American Strategic Culture – Colin S. Gray


Published in 1988, Colin Gray’s The Geopolitics of Super Power examines the cultural and political dimensions of late Cold War era American geostrategy. Context, as well as comparison guide Gray’s analytical framework – which synthesizes geography and history. According to Gray, political geography catalyzes a vital feature of national strategic culture.


“It is commonplace to observe that dictatorships maintain systemic political strength only in the context of a public aura of success; that is, given that it is the lot of all governments to receive and be responsible for both good and bad news, a dictatorship dares not admit that it has failed.

“The roots of American strategic culture lie in a frontier tradition, an experience and expectation of success in national endeavors, experience with an abundance of resources for defense, a dominant political philosophy of liberal idealism, and a sense of separateness – moral and geostrategic – from the evil doings of the Old World.

“But statecraft is at least as much a matter of discovering and exploiting effective ‘work-arounds’ for national weaknesses and vulnerabilities as it is of exploiting national strengths. Substantially, though not exclusively, the effectiveness of a particular security community in defense of its interests is a function of the quality of strategic guidance provided for sustained collective action.

“Strategic culture – the socially transmitted attitudes, habits, and skills of a community in its approach to issues of national security – is very much the product of geopolitical factors as they are locally interpreted.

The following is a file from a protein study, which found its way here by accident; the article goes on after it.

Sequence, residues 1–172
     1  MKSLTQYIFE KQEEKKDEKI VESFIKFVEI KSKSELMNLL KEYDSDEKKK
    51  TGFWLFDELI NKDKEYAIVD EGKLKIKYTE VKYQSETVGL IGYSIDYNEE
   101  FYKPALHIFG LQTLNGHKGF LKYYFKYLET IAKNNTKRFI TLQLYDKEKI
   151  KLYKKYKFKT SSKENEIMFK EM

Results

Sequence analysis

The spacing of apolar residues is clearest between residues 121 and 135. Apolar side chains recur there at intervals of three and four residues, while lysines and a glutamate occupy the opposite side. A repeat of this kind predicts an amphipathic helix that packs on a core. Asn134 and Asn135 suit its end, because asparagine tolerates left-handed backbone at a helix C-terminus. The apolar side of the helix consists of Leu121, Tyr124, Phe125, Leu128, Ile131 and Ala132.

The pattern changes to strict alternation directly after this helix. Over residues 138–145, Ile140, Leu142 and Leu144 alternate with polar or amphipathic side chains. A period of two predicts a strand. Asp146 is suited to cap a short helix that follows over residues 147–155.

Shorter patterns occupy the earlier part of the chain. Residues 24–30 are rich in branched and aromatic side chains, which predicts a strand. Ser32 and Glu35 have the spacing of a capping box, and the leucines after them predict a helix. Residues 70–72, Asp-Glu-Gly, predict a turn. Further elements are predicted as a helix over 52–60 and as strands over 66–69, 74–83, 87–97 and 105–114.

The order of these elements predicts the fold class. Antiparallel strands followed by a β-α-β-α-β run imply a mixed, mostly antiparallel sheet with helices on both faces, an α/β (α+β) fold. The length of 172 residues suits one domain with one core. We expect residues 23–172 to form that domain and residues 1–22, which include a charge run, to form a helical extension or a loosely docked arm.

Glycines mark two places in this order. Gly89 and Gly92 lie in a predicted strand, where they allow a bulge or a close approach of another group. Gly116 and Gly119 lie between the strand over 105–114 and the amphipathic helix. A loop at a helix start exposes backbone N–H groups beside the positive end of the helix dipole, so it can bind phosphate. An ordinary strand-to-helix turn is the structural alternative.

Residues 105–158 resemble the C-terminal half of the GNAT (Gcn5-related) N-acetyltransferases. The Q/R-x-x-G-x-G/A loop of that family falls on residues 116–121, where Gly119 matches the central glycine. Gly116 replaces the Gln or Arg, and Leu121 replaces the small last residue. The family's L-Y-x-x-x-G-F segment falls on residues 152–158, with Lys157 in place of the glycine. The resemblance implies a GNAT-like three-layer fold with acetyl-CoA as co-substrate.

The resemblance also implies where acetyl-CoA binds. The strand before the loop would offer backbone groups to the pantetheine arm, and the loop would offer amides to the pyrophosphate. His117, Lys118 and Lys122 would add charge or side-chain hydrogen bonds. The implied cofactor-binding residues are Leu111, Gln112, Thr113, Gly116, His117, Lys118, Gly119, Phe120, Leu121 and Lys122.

“Technical fixes in defense organization, and even changes in military tactics and at the operational level of war, will be unlikely to have the desired effects if they affront important strands in American culture.

*All excerpts have been taken from The Geopolitics of Super Power, The University Press of Kentucky.

Keeping a World Intact – George F. Kennan


George Kennan’s book Russia and the West chronicles early Soviet international politics under the leadership of Vladimir Lenin as well as Joseph Stalin. Russian diplomacy vis-à-vis the West is the emphasis, and Kennan offers keen analysis concerning Soviet intentionality. In his final chapter “Keeping a World Intact,” Kennan endeavors to harmonize points of friction with geopolitical realism to construct a workable American/Soviet diplomatic model for the Cold War.


“Stalin was a dangerous man to the end; and almost to the end, he remained unchallenged in his authority. But the men around him served him, throughout those final years, in a sullen, guarded silence, expecting nothing and waiting only for the hand of Time to take him.

“By this opposition to the very institutions of the West, the Russian Communists offered to the will of the Western peoples a species of defiance for which they have had no patent other than their own unlimited intellectual arrogance.

“Russian governments have always been difficult governments to do business with. This is nothing new in kind – if anything is new about it – it is only a matter of degree.

“People who have only enemies don’t know what complications are; for that, you have to have friends; and these, the Soviet government, thank God, now has.

“The first to go, in my opinion, should be self-idealization and the search for absolutes in world affairs: for absolute security, absolute amity, absolute harmony. We are a strong nation, wielding great power. We cannot help wielding this power. It comes to us by virtue of our sheer size and strength, whether we wish it or not.

*All excerpts have been taken from Russia and the West: Under Lenin and Stalin, Mentor Book.